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Tuesday, October 21, 2008

New York Boot Report

As the responsible and worldly (and frankly awesome) marketing team that we are, we took it upon ourselves to visit New York and make sure the fashionables there were on the up-and-up. Turns out they were and then some. In fact we found the women (and, yes, the men) dressed to their stylish nines. (And that was before we spotted Zac Posen outside Chelsea Markets; we still cover that jacket … but we digress.)

We would never call them fashion victims, but it definitely seemed like most of the populace had taken some shrapnel from the boot bomb that exploded somewhere south of Hell’s Kitchen. Boots, boots, boots were everywhere and every height and everybody couldn’t get enough of looking at each other and hating them for their footwear while saying with a smile, “Great boots!”

Pulled over skinny jeans, worn over tights, worn under sweater dresses and trench coats that would make Burberry jealous, the boot reigns supreme here. Slouchy, hard and polished, destructed, motorcycle, cowboy, roper, riding … the look is definitely here and we love it. A tall, clean boot adds instant grace to a look; distressed, harnessed leathers build up attitude; cowboy boots and your other Western varietals lend a laidback chic.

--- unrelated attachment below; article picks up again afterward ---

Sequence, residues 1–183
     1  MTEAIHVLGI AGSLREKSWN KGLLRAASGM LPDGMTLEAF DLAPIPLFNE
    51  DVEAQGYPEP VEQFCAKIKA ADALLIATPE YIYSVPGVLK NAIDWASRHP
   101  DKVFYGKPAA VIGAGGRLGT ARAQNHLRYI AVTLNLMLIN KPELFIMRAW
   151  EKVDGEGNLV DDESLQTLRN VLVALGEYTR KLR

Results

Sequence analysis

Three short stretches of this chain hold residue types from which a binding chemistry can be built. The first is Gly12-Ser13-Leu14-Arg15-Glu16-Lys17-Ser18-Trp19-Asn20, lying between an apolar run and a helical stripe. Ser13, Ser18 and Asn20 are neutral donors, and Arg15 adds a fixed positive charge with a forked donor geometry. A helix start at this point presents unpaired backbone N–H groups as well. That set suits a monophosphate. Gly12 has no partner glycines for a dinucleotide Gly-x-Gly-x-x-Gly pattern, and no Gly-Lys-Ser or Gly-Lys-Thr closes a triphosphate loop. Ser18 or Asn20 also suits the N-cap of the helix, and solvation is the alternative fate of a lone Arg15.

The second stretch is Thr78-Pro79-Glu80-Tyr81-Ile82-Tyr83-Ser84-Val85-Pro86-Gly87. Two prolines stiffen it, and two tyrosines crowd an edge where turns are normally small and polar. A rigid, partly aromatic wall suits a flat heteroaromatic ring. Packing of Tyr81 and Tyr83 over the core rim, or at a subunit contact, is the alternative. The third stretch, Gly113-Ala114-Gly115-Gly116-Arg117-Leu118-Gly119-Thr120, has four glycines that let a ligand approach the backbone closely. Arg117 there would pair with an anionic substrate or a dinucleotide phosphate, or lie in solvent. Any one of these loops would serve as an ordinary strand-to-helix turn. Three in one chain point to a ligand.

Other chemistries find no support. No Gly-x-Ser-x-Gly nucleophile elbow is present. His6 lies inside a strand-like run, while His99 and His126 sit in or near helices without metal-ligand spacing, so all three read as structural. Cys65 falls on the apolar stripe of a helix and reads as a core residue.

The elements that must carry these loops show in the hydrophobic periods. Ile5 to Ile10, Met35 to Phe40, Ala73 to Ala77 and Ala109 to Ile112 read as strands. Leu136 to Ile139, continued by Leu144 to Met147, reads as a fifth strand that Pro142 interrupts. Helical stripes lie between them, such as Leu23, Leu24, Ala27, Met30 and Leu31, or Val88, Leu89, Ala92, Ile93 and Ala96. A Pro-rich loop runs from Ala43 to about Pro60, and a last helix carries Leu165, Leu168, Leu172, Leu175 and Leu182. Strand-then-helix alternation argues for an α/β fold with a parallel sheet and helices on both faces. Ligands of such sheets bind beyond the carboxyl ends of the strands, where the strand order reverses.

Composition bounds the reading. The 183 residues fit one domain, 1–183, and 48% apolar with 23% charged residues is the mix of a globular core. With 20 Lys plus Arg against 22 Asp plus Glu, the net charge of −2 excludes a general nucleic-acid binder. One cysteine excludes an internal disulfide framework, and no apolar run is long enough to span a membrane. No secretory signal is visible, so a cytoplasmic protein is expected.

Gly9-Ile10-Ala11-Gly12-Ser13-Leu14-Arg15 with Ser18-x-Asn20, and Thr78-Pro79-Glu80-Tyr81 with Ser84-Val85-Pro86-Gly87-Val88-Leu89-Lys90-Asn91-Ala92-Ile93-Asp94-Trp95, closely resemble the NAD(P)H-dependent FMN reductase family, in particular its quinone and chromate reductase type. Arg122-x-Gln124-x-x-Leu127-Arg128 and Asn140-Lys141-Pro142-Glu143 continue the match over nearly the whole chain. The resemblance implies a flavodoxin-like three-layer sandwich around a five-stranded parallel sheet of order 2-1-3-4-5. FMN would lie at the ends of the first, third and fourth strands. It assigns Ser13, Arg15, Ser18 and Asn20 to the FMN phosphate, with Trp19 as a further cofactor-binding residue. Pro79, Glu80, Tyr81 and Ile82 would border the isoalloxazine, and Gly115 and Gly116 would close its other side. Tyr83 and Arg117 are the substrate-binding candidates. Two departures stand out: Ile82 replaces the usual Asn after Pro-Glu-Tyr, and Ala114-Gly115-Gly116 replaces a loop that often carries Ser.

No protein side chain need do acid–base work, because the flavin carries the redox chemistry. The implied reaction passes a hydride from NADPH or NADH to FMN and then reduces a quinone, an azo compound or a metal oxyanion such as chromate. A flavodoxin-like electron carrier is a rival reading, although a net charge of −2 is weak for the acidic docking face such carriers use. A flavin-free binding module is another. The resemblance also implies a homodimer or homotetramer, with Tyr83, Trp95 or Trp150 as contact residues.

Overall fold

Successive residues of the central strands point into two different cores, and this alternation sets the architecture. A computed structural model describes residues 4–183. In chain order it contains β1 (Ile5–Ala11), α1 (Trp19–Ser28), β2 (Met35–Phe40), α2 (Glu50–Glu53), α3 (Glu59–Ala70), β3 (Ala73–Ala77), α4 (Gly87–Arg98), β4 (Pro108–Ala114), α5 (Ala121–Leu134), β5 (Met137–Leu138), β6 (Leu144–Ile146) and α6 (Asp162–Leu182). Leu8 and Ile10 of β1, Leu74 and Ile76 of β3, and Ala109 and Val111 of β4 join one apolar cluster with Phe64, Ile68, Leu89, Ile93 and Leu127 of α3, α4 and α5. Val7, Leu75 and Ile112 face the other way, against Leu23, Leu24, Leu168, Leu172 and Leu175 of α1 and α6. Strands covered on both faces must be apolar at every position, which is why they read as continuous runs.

Which makes it all the more exciting that shearling is cropping up in greater numbers as the temperatures drop up in the northern hemisphere. Sam Edelman, Ugg, Manas and La Canadienne are just some examples of labels that are adding woolly details to high boots. We find the effect charming, a kind of Northern Chic that adds a rustic verve to the sophistication of the long boot.

Take up the call and do more of the same, we say. Buy some tall boots (knee or higher, please) and wear over jeans or cashmere leggings and be sure to mind the Gap: they have a pretty nice trench that plays into the menswear trend and works beautifully against a boot. We’re looking for sophistication here. Tailoring. Polish. Decorum. Dressing like we care how the world sees us, and, more importantly, how we see ourselves. This is the focus of fall in 2008. We saw it coming and stocked up; we’re glad New York has followed our lead.

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